If I call a colleague in the UK, I’d expect to be greeted with something like ‘Hi Vicki, how are you?’ And it’s much the same in the US. I’d expect a ‘How are you doing?’ and, sure, time is money, so I wouldn’t be thrown off guard by a hard pressed ‘Wazzup?’. In fact I’ve often felt ‘Wazzup?’ had a certain sort ‘down to business’ charm about it.
But I’ve just learnt a new one. Apparently if I call a colleague in India, they would likely greet me with ‘Tell me’. Not ‘Tell me what’s new in your world’ or ‘Tell me why you’re calling’, though clearly that’s the implication. Just a simple ‘Tell me’. And the missing object is intriguing. To my British ear it’s like there’s so little time they can’t even finish the sentence. And wow – they’ve managed to hone it down to really time efficient communication.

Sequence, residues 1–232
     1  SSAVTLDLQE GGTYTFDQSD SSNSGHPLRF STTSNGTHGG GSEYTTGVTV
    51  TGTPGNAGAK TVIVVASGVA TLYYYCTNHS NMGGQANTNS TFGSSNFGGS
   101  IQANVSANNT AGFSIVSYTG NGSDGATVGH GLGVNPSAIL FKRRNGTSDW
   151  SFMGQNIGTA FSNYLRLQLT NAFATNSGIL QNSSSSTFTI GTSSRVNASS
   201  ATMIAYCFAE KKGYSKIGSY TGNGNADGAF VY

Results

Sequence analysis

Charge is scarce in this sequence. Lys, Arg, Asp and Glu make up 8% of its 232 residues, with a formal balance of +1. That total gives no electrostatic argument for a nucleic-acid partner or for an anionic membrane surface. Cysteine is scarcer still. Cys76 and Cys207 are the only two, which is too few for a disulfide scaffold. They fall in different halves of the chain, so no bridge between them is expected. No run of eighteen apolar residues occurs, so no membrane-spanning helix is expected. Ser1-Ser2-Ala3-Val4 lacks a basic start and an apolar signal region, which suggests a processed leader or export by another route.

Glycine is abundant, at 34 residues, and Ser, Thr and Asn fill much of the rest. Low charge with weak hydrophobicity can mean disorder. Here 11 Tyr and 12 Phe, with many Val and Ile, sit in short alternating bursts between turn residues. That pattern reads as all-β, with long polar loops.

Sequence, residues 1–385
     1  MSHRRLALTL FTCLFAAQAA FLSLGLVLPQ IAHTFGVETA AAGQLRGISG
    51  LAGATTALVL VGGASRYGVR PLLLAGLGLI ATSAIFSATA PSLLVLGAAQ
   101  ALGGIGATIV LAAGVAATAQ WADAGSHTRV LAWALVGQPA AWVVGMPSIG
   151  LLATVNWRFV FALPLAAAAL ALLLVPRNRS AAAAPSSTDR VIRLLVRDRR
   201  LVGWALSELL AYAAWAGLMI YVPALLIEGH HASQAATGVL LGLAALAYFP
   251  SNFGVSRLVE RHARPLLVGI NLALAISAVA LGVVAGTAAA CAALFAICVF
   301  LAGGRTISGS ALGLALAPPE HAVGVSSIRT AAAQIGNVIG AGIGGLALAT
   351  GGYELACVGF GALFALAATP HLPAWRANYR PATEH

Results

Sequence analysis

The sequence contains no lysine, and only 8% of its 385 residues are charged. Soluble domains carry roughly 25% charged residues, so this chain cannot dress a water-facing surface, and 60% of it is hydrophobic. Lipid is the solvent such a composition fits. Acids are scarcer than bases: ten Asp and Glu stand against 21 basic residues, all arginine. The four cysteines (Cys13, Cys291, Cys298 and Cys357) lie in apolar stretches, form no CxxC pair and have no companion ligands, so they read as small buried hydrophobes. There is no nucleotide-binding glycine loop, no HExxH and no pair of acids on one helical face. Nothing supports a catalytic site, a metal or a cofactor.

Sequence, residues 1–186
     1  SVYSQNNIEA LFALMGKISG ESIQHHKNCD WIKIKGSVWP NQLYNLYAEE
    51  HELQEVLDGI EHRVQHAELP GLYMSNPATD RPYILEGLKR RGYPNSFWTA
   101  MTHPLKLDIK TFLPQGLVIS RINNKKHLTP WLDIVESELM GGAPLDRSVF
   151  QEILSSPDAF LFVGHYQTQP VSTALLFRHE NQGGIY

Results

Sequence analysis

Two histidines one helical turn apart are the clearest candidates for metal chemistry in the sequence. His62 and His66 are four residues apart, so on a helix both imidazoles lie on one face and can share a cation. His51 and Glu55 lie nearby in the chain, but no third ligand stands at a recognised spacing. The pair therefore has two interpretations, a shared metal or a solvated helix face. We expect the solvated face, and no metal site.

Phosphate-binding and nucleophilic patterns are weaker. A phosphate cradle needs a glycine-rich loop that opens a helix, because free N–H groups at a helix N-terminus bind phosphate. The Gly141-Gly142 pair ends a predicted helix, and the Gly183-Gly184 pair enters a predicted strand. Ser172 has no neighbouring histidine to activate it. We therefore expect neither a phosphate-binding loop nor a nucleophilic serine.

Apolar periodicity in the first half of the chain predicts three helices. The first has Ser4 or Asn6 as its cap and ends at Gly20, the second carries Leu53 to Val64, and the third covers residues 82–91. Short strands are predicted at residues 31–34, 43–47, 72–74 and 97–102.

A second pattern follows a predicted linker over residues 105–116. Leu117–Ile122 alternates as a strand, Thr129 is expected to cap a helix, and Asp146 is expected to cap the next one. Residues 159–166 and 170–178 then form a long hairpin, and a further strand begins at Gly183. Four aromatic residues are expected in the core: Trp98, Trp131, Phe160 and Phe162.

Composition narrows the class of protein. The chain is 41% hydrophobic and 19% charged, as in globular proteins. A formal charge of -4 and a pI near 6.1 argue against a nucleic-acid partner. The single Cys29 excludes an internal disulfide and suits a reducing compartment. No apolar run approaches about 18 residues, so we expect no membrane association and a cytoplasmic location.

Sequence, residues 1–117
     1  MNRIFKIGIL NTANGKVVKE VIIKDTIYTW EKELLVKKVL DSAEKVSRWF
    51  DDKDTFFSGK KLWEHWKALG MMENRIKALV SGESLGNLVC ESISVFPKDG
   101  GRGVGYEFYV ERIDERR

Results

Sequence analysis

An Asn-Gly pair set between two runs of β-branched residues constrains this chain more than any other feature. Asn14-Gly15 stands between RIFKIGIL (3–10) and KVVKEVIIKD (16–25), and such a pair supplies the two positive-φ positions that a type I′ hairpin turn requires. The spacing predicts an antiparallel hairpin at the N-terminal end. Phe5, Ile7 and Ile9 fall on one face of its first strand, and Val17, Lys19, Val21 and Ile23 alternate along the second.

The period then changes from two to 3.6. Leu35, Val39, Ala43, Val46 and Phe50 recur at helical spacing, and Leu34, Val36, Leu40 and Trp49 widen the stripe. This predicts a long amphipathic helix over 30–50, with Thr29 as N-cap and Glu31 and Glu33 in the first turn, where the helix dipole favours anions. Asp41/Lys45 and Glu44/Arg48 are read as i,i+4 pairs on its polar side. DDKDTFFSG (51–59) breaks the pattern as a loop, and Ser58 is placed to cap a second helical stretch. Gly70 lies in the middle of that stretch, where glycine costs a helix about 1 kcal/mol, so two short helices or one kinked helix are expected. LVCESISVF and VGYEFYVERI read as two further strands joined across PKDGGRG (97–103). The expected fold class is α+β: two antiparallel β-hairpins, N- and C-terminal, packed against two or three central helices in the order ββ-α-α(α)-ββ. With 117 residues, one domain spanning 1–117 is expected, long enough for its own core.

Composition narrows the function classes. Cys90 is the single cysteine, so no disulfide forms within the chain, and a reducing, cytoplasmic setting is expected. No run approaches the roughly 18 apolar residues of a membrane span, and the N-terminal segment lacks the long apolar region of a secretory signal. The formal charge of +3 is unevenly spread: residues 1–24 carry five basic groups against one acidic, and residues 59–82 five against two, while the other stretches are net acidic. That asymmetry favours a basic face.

I learnt this at another blog, and here’s an extract:
We had an American employee in Infosys who started using ‘Tell me’ in his phone conversations. I asked him why. He said that he heard the phrase a lot when he called his Indian colleagues, so he was getting used to it. Plus it was perfectly understood. When you say ‘Tell me’ it is understood that you want the caller to start talking about what he called you for. No ambiguity there.
I’m not convinced that ambiguity is a bad thing at all, but nevertheless, I think I might be inclined to say ‘Tell me’ if I were that Infosys employee. Would you? And if so, what would be your motives?